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AVmail: Apr. 28, 2008

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Synthetic Vision

In last week's AVmail, Phil Seizinger wrote,
"I'm concerned about SV creating a possible situation where VFR pilots will scud-run in marginal or IFR conditions simply because now they can see the terrain, which -- as you can imagine -- creates a hazard for IFR flights."
Excuse me ... Isn't synthetic vision a pretty good basis for exactly what Burt Rutan (back in 1991 at EAA Oshkosh) was suggesting someone develop, namely affordable avionics to allow flight in VMC or IMC with exactly the same pilot workload, and dramatically less training and less support from ATC? Yes of course, such participating pilots would have to have effective CAS to operate in IMC. Granted, there could be a need to create some intermediate regulatory class between VFR and IFR, just as LSA was created to bridge the gap between ultralights and the lightest certificated aircraft. Of course this whole concept is still only a concept, but I believe it is worth exploring. I don't think any rational person wants to create hazards for IFR flights. Done right, SV has the potential to offer much more utility to low-time GA pilots operating outside Class B/C airspace. I know change is hard, but refusal to even consider change leads to stagnation or worse. Bruce Liddel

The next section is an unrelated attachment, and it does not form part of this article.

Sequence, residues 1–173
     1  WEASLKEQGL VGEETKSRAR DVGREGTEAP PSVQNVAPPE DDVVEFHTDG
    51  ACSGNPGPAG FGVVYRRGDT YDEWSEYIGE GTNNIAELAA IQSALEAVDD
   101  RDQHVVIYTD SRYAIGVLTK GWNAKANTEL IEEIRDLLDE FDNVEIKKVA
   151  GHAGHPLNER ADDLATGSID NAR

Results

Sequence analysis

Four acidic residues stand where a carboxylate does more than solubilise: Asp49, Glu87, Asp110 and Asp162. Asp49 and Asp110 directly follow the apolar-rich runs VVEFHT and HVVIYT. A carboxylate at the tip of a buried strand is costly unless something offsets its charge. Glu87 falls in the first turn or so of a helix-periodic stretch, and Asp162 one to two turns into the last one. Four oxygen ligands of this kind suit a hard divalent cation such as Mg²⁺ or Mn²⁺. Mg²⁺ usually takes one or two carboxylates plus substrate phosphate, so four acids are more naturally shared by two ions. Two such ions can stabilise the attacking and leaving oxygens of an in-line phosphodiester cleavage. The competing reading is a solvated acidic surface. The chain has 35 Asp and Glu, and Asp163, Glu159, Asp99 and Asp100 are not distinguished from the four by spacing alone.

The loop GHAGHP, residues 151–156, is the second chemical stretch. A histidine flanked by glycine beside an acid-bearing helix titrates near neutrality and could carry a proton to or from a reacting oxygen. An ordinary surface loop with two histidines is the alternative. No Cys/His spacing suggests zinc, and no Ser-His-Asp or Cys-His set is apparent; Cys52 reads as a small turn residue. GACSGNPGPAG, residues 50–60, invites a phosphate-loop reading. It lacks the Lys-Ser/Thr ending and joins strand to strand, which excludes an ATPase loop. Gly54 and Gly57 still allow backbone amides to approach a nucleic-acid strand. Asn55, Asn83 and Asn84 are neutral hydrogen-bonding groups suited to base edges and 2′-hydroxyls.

Hollywood Discovers Aviation